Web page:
• In 2018, there were 447,694 diagnoses of sexually transmitted infections (STIs) made in England1, a 5% increase since 2017,
  • There were 56,259 diagnoses of gonorrhoea reported in 2018, a 26% increase since 2017,
  • There were 7,541 diagnoses of syphilis reported in 2018, a 5% increase since 2017.


Other than not participating in any sexual intercourse, the most effective way of reducing the risk of contracting an STI is the use of condoms. Pubs and clubs can help by ensuring that condoms are available, either as part of a condom distribution scheme or through condom machines which should be available in both male and female toilets. It is important to check condom machines regularly to ensure they are still working.

Having CCTV coverage of secluded areas and ensuring that toilet attendants are present at all times can discourage sex acts taking place on premises.

The provision of information on sexual health (including location, timings and contact telephone numbers of contraceptive, GUM and abortion services) is a valuable service to pub and club goers. This can be provided via leaflet racks and a permanently displayed poster/sign, and are often best placed next to condom machines, in well-lit areas.

Club owners should contact their local health promotion department or sexual health clinic to access information materials.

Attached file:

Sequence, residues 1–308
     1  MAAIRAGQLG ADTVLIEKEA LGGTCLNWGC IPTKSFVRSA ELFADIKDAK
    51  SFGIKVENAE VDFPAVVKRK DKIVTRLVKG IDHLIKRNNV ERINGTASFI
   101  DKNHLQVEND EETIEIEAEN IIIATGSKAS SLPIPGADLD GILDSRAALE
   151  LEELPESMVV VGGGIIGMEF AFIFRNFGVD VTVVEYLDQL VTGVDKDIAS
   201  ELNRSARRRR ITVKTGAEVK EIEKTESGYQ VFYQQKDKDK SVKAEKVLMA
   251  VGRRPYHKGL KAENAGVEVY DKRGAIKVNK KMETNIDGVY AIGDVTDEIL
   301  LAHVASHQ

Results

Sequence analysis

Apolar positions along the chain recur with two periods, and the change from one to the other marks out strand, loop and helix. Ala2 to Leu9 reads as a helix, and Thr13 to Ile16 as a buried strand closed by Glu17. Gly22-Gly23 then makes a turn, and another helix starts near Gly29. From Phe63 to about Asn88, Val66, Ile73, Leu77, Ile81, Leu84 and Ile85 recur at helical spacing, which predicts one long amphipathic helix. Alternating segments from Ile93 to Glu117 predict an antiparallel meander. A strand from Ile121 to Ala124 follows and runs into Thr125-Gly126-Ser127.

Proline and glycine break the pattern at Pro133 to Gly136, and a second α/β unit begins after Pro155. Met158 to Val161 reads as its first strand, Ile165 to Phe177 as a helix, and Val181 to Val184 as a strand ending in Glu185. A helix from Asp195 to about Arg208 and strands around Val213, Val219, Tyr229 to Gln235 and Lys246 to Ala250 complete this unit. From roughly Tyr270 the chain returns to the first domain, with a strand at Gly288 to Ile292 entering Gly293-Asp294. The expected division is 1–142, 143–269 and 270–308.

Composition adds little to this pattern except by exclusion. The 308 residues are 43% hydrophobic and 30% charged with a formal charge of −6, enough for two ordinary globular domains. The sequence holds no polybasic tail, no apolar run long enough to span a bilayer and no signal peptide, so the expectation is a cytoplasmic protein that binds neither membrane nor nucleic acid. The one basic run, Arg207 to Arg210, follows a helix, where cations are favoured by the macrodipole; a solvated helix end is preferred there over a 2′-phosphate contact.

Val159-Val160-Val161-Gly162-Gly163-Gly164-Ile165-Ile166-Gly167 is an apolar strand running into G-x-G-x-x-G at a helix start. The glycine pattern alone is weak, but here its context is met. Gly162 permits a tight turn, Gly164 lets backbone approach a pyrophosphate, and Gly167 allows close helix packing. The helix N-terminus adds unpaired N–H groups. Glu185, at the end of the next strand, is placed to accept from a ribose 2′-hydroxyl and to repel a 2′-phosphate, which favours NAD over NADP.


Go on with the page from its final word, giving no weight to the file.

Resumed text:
hosting outreach workers

Sexual health information and outreach work has always been much more common and culturally acceptable within the gay scene and there are still many organisations involved in this work.

Typically organisations supply free condoms, water based lubricant and sexual health information. HIV and STI testing clinics are also common in some areas as is information on whether to use and how and where to get PReP (Pre-Exposure Prophylaxis) tablets to prevent HIV infection.

Feedback from venues who host sexual health outreach work tends to be very positive with customers appreciating that a business is catering to their non-commercial needs.

The #MeToo movement has publicised the extent of sexual harassment and assault across all of society and the 2019 Global Drug Survey1 asked its more than 120,000 respondents about being taken advantage of sexually while intoxicated.

A deeply troubling 14% survey respondents said this had happened to them. Of those who had been taken sexual advantage of in the 12 months prior to completing the survey, more than two thirds (69%) identified as women, 28% as men and 3% as non-binary or a different gender identity.

Official figures